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  • Eric Jaeger

Ketamine is Safe in the Prehospital Environment

Updated: Sep 26, 2021

Re: Ketamine Use in the Prehospital Environment

EM Rap Video: Ketamine in EMS (an excellent short video from EM RAP summarizing the findings)

A recently published study provides good evidence that ketamine use is safe in the prehospital environment. The study, published in the Annals of Emergency Medicine, looked at 11,291 patients who were administered ketamine between Jan. 1 and Dec. 31, 2019. The primary applications were trauma/pain (49%) and altered mental status/behavioral indications (34%).

Ketamine was found to be very safe overall. Deaths were rare. Only 0.07% of the patients (8 patients) who received ketamine died from a cause where ketamine could not be ruled out as a contributing factor. Even in these 8 patients, the study did NOT conclude that ketamine caused their deaths, only that it could not be ruled out as a contributing factor.

There has been controversy surrounding the use of ketamine in the prehospital environment, especially for agitated/combative patients, following the death of Elijah McClain in Aurora Colorado. This study should reassure paramedics, medical directors and state EMS agencies and medical control boards that ketamine, when used properly, is generally safe.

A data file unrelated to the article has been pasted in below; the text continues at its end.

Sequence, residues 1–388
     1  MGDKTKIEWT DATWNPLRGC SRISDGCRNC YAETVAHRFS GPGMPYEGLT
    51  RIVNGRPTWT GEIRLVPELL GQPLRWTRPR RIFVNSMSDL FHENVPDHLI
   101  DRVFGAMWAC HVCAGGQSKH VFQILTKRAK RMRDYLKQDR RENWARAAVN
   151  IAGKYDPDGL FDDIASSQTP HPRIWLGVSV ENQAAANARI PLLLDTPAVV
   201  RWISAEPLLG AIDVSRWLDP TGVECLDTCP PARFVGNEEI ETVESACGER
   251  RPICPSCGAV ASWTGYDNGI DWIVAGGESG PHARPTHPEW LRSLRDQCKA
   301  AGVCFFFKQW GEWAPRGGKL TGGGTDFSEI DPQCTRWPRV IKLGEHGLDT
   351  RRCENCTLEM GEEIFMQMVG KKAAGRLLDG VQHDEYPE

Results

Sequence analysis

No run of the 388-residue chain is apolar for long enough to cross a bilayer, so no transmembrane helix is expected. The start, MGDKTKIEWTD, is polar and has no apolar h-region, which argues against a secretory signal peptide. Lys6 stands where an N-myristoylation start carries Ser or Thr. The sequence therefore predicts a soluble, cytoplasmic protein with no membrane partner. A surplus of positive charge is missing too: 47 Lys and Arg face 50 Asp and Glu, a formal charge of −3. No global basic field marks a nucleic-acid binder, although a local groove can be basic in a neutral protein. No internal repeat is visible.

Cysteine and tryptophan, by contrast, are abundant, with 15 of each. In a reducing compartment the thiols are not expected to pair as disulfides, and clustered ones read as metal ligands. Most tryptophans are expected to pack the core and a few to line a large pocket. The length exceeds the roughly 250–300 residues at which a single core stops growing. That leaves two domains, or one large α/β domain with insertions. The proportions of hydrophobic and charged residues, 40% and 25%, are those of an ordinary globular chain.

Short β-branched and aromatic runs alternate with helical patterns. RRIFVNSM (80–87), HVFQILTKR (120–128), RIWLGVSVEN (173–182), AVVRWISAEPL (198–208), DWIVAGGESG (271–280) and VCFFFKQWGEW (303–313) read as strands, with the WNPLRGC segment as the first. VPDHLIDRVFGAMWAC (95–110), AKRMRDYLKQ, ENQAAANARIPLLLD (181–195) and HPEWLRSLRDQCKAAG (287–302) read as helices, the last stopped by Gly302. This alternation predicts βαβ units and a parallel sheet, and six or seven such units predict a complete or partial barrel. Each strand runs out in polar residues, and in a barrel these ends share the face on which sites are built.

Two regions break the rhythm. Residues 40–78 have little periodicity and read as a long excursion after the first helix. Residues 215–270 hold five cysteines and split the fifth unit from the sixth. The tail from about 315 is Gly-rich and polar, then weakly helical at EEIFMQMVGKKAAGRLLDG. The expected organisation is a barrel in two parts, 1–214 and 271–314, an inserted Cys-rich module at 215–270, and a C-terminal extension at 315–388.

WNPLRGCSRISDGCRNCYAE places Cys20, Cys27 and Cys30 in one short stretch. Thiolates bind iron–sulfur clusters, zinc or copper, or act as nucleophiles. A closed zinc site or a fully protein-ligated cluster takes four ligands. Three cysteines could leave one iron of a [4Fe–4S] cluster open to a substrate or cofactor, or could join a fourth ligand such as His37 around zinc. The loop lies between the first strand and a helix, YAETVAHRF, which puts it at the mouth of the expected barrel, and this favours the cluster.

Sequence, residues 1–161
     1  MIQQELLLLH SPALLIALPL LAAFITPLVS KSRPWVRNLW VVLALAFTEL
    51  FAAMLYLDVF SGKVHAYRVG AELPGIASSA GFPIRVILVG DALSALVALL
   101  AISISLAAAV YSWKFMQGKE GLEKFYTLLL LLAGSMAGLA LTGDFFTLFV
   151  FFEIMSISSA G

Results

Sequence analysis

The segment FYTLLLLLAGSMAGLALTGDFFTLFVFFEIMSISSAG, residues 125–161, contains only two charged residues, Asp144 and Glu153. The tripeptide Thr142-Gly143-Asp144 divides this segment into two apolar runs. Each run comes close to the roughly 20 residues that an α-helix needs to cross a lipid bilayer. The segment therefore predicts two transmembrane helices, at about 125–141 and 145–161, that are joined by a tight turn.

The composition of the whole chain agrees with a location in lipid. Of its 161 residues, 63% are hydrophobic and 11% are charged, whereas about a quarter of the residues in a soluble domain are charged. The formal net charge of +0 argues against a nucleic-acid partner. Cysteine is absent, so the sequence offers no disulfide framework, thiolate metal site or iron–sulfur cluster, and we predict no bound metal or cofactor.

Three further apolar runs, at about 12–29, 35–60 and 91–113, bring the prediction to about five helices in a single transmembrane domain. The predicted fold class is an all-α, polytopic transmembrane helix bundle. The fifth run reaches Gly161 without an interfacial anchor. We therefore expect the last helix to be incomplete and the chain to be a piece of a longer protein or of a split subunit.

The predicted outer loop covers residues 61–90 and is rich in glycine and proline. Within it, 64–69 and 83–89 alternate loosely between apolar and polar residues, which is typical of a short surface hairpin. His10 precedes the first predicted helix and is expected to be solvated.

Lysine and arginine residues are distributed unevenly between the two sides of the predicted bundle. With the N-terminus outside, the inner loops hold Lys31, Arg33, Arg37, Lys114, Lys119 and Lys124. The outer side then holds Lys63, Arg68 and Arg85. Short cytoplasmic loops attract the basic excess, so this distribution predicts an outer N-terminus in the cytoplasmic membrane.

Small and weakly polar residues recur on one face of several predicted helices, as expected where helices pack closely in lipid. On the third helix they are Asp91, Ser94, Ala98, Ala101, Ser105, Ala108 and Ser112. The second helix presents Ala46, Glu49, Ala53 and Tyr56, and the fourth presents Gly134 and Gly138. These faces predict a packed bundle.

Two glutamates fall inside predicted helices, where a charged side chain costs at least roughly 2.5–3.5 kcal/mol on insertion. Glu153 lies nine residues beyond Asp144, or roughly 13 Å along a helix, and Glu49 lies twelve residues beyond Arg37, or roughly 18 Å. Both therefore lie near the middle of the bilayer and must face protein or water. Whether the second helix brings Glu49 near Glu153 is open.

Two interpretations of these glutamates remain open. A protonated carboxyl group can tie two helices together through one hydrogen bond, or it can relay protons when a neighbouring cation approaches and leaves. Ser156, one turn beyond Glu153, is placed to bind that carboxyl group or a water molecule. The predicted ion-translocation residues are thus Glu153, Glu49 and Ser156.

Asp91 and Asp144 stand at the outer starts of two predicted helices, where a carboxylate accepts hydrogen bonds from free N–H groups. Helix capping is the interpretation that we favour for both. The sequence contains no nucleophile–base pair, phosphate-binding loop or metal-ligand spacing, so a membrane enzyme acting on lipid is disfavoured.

This study does NOT, however, address the larger risks associated with sudden death in agitated patients. I have spent a considerable amount of time studying Elijah McClain’s death and more generally death in custody, and I believe the focus on ketamine misses the point. Situations involving agitated patients in custody are extremely dangerous:

  • agitated patients in custody are at high risk of sudden death, and we have not provided EMS or law enforcement with the protocols and training to minimize that risk. Death in custody has become an epidemic that was hiding in plain sight.

  • EMS providers and police officers are at high risk of liability and emotional trauma when these deaths occur.

The conclusion that ketamine is safe in the prehospital environment is welcome, but does nothing to address this larger question. Hopefully now the focus can turn from ketamine to asking what needs to be done to provide adequate protocols and training. I hope that it does not dilute the sense of urgency that needs to be brought to this important issue.

Want to learn more?

Elijah Report Findings
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